There sure are a lot of gates on the green lanes of the Cambrian mountains. It was rare to ride more than five minutes without doing the gate dance – and sometimes less than a minute. It breaks the rhythm of the ride but they contain the sheep which can easily jump a cattle grid if spooked. The trail north into Dolgellau between Cader Idris and the Barmouth estuary was a notable exception – a good ten minutes riding or more between gates.
We came across a few ramblers and dog walkers who didn’t look too put out – they’re walking along a ‘road’ after all, even if they don’t realise it. And we nearly ran into a big group of lads bursting out of the forest on unlicensed dirt bikes. Damage wise, their impact was minimal and who knows, the new Geraint Jones could be among them, but I bet they’d all rather be legit. Wouldn’t be it be great to have a huge trail park out here where people could roll up and ride round at their own pace, instead of the scurrying around on wasteland or dodging the rangers.


It poured overnight but day two actually dawned even brighter, apart from a well-timed downpour as we ate lunch in Talybont. Either the riding was easier or I was getting to grips with the WR. On rougher trails I did find it hard to ride smoothly; balancing the jerkiness of the engine with the right gear and the rebounding suspension while looking at what’s coming up and steering away from rocks, but this is just the nature riding a light, small-capacity bike at slow speeds. Turn up the wick if there’s room and things would smooth out. After the rain there were some bigger puddles today too. Initially they were a worry as I’d read the WR was prone to cutting out in a splash, but even with the engine note muted in two feet of water, it never even coughed.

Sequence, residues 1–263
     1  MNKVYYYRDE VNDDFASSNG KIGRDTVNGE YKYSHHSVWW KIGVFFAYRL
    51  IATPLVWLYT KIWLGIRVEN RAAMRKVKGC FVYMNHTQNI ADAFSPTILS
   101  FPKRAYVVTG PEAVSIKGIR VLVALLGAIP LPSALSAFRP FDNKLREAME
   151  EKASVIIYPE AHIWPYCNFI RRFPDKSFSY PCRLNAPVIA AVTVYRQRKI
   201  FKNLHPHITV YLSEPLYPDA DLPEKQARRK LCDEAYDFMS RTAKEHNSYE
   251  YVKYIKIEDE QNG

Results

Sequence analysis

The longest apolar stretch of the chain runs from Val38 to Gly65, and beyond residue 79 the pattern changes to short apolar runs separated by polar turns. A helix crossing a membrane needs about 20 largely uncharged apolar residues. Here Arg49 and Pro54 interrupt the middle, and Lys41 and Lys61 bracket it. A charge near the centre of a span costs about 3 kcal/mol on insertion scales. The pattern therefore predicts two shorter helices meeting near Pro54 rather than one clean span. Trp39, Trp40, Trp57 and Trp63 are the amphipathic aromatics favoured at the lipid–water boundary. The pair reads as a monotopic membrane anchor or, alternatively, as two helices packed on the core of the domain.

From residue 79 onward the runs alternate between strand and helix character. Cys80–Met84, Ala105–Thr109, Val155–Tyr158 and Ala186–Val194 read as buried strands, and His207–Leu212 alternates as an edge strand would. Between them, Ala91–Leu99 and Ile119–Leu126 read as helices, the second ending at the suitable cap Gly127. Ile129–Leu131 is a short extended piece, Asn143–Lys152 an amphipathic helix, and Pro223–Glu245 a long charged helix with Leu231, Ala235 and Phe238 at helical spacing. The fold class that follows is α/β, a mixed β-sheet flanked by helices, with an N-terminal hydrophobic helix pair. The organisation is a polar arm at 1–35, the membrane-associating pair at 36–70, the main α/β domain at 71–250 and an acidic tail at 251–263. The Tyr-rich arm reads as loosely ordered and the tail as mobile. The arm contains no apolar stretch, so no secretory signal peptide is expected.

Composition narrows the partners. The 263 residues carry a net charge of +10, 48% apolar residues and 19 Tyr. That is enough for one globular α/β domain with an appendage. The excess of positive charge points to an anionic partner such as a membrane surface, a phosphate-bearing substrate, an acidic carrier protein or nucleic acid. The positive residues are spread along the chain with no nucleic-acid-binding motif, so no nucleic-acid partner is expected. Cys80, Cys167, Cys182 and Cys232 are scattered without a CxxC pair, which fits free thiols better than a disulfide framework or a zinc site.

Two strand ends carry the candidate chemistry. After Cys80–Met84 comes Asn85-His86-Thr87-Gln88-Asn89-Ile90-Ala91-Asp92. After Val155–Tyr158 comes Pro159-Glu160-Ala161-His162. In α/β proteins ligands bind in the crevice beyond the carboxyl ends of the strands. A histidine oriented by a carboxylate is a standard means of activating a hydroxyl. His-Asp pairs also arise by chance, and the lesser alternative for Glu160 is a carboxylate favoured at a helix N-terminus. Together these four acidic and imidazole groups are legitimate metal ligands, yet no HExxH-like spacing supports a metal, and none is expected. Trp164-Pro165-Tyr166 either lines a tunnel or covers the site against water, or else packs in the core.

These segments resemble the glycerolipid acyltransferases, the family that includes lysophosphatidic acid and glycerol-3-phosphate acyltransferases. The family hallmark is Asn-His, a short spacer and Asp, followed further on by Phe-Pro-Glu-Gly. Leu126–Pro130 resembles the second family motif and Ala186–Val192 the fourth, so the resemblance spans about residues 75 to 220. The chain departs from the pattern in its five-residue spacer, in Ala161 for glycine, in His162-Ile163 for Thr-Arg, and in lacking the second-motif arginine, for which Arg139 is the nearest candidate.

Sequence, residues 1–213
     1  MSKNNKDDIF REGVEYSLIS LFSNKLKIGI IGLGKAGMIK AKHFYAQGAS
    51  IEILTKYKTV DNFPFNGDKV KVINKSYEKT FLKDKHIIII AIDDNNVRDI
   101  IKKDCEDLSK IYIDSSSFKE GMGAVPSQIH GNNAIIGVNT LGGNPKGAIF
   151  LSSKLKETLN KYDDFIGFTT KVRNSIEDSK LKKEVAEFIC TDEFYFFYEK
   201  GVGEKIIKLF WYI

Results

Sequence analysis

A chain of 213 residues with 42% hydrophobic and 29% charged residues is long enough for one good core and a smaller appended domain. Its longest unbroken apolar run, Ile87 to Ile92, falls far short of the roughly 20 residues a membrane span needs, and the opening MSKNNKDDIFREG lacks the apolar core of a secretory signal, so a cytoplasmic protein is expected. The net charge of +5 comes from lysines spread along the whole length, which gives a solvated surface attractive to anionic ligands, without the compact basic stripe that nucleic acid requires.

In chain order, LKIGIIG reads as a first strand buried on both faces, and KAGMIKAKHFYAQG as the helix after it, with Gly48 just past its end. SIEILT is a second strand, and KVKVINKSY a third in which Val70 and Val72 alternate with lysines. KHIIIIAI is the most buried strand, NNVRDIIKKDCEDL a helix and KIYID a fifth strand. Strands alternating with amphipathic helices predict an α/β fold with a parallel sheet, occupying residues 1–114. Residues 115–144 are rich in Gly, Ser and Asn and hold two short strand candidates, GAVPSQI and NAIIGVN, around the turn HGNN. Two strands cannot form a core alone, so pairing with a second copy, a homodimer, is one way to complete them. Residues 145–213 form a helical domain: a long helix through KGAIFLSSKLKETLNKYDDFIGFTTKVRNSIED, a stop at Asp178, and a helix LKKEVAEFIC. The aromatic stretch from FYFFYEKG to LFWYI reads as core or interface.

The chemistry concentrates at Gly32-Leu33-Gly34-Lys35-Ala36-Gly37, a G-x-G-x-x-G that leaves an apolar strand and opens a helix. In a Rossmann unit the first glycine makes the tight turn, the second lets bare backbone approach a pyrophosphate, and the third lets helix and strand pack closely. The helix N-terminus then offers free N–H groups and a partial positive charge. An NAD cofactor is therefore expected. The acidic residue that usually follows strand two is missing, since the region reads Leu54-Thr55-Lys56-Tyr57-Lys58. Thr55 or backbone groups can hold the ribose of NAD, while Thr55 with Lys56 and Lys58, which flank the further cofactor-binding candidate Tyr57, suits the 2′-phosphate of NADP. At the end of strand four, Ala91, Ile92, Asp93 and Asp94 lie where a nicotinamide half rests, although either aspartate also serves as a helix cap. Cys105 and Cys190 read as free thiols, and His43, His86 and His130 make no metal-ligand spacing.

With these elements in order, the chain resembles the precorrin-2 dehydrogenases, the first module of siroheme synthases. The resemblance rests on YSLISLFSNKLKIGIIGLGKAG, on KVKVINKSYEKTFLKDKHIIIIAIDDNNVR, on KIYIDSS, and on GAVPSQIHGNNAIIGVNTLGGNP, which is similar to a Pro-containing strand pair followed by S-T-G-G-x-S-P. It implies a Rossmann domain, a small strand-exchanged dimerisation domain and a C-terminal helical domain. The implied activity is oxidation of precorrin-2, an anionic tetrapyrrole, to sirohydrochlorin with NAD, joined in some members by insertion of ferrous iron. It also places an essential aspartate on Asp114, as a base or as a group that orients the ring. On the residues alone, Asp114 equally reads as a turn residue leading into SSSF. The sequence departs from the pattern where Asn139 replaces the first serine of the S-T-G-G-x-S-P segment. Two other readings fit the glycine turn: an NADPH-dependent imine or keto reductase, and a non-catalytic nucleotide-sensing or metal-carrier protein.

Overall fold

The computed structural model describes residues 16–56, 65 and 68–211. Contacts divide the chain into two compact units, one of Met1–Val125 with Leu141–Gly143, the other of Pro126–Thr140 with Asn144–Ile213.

I don’t know if it’s been a dry spell – in Wales, what are the chances? – but the ride John led us on was pleasingly free of mud and to me was all the better for it. My recollection of bombing around Rhayader on XTs 30 years ago was plunging into one peaty morass after another which just makes a mess of you and the landscape.


It would be great to do more riding around here on my own, as it’s as wild and extensive as you’ll get in the UK (there’s virtually no green laning in Scotland). But unless you live nearby or do the research, it would be hard to get a handle on which trails are legal and then put together a satisfying two-day route like the one we followed with John. Now of course we have the TET (see map below). Every year more and more green lanes in England and Wales get downgraded to paths. I haven’t a clue which of the trails we did were open to all, but promisingly I only saw one ‘no vehicles’ sign. Lacking a local pro like John, the answer is to hook up with the TRF or join an escorted tour from £50 a day with four of you. That’s just the way it is living in a small, crowded country and why I set off for the wide open Sahara in the first place – and why I’m off to Utah next week!